the surrey hills
"The air is very good. It blows over the Surrey Hills," says William Dorrit (I'm quoting from memory) - as he sits in the Marshalsea debtors prison, which was in Southwark. He was right to a certain extent. The air of central London mostly does arrive via the Surrey Hills. These are the same hills that Leonard Bast once walked towards in Howard's End. To him they seemed almost unattainable.
On Saturday I was coming home from Hastings and the A21 was closed, apparently indefinitely, so I eventually and irritably tracked into Tunbridge Wells, made a mistake and got stuck in the sales traffic, eventually trickled out past the High Rocks and made my way in deepening gloom on the winding road to East Grinstead, where I eventually joined the unattractively slow A22 and - here was the sign - just as I approached the M25 I read "Welcome to the Surrey Hills Area of Natural Beauty" .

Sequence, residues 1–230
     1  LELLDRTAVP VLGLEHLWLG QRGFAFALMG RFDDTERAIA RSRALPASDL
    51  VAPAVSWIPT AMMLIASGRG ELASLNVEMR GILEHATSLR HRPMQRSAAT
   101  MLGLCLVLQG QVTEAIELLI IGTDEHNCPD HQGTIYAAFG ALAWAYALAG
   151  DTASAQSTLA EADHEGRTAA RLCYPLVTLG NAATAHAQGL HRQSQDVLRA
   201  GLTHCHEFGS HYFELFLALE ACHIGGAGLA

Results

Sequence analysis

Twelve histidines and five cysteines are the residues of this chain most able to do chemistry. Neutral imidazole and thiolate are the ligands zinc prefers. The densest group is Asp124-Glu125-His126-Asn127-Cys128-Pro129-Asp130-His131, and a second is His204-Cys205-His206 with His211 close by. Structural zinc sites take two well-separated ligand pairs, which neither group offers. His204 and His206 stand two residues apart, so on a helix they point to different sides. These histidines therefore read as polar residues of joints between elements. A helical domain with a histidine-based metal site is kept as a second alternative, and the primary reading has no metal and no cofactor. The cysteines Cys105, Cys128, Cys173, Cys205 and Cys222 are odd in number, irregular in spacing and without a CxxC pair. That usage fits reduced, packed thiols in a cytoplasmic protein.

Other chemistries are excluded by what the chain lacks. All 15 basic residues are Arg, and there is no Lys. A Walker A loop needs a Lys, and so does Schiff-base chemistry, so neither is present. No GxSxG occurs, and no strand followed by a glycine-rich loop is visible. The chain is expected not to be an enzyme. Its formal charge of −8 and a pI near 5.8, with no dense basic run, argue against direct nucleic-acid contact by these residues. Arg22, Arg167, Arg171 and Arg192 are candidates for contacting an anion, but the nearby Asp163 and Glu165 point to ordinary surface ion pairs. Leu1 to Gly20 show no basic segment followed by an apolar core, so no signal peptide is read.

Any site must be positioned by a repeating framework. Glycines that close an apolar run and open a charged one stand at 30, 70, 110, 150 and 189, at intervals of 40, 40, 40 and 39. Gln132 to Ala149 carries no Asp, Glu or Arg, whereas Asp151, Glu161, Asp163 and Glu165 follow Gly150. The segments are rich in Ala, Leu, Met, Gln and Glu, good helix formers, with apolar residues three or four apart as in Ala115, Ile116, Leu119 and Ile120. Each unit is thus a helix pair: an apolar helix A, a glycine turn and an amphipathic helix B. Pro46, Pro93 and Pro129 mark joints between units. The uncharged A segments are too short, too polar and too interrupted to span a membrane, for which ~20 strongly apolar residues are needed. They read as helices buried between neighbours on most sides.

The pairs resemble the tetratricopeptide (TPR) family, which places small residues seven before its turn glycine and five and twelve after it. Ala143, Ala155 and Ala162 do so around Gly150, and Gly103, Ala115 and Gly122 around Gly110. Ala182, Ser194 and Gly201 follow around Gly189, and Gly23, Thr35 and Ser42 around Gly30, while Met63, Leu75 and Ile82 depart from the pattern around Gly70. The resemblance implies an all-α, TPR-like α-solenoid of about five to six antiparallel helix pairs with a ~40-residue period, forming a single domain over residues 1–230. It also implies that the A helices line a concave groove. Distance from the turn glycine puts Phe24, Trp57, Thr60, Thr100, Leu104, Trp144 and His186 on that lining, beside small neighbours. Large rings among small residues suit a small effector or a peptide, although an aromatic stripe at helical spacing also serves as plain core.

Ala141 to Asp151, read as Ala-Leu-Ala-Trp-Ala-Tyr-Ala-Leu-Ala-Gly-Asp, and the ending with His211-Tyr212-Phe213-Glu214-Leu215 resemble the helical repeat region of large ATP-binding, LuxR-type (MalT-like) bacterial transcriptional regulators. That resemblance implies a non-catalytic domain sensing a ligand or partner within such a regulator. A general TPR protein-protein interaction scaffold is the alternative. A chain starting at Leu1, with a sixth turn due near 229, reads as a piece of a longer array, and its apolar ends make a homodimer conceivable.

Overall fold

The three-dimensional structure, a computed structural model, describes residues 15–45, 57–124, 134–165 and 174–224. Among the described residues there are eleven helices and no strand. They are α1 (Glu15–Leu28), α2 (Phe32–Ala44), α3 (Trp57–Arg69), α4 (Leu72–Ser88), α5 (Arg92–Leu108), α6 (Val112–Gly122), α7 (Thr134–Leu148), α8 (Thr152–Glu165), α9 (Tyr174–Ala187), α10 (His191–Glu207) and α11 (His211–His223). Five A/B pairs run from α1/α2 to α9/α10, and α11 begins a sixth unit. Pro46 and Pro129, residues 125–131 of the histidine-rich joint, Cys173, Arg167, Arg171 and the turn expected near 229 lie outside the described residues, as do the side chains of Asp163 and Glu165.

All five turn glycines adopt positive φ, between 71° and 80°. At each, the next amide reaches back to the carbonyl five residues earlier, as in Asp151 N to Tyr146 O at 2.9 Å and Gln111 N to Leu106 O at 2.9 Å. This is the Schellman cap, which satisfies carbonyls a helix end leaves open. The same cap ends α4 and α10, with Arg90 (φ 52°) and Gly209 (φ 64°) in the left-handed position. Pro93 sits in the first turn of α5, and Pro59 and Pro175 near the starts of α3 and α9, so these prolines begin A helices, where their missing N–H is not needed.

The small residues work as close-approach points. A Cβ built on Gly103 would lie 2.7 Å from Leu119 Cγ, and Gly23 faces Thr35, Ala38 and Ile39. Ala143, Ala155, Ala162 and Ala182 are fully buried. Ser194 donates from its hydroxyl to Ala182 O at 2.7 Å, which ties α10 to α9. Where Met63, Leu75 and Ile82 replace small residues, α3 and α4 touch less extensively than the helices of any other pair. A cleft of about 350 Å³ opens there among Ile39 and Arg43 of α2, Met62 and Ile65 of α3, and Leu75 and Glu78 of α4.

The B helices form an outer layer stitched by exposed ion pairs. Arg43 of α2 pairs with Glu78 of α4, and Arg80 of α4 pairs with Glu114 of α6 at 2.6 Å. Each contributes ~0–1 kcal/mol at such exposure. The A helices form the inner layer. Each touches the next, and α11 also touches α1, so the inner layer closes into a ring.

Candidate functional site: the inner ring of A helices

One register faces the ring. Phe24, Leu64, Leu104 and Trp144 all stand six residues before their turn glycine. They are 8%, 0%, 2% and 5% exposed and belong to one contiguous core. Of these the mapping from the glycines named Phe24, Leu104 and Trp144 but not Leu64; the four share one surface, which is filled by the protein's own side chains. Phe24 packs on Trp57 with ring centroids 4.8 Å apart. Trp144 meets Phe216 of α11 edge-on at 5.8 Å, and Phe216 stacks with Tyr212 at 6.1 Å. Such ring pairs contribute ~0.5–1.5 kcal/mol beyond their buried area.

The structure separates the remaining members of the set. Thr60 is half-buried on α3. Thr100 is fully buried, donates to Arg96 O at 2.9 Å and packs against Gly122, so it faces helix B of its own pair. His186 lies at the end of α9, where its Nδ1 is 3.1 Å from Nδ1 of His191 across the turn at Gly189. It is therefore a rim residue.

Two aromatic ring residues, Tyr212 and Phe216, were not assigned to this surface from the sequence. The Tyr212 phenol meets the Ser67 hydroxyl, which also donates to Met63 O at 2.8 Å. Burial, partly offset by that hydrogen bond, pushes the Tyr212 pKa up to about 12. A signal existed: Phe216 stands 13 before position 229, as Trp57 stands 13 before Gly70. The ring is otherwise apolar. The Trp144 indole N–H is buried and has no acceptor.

It was more a sign than a reality, as darkness fell. I joined the stream of twinkling lights up Reigate Hill, where I once slithered across lanes in snow. Reigate is where my well-to-do great aunt and uncle used to live with their miniature dachsunds, up by the golf-course in a Howard's End-era house (in fact, his name was Howard). Back of here, somewhere, must be Dorking and Box Hill and those fairy-lit places of the North Downs that I've so often read about in Louseley's classic Flowers of Chalk and Limestone , lost in dreams of summer and tufted chalk ledges precious with rare and wonderful plants. I've now visited Australia and Dubai, but Dorking remains to do.